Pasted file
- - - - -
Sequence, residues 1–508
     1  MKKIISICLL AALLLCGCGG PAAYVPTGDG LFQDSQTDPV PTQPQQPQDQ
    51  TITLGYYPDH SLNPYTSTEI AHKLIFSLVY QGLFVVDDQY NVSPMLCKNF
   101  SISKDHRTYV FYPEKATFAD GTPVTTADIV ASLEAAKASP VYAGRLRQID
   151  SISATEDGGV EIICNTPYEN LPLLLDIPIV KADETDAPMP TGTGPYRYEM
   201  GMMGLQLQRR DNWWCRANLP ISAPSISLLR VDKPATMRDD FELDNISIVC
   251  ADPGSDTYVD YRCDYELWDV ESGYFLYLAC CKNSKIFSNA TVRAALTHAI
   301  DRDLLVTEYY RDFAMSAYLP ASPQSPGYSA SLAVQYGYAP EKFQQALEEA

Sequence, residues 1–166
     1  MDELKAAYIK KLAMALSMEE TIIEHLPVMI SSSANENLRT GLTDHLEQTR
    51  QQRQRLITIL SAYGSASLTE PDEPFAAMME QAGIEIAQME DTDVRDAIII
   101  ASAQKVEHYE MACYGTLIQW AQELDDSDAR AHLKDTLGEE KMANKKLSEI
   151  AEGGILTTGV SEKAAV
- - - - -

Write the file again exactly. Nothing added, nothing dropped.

Sequence, residues 1–508
     1  MKKIISICLL AALLLCGCGG PAAYVPTGDG LFQDSQTDPV PTQPQQPQDQ
    51  TITLGYYPDH SLNPYTSTEI AHKLIFSLVY QGLFVVDDQY NVSPMLCKNF
   101  SISKDHRTYV FYPEKATFAD GTPVTTADIV ASLEAAKASP VYAGRLRQID
   151  SISATEDGGV EIICNTPYEN LPLLLDIPIV KADETDAPMP TGTGPYRYEM
   201  GMMGLQLQRR DNWWCRANLP ISAPSISLLR VDKPATMRDD FELDNISIVC
   251  ADPGSDTYVD YRCDYELWDV ESGYFLYLAC CKNSKIFSNA TVRAALTHAI
   301  DRDLLVTEYY RDFAMSAYLP ASPQSPGYSA SLAVQYGYAP EKFQQALEEA

Sequence, residues 1–166
     1  MDELKAAYIK KLAMALSMEE TIIEHLPVMI SSSANENLRT GLTDHLEQTR
    51  QQRQRLITIL SAYGSASLTE PDEPFAAMME QAGIEIAQME DTDVRDAIII
   101  ASAQKVEHYE MACYGTLIQW AQELDDSDAR AHLKDTLGEE KMANKKLSEI
   151  AEGGILTTGV SEKAAV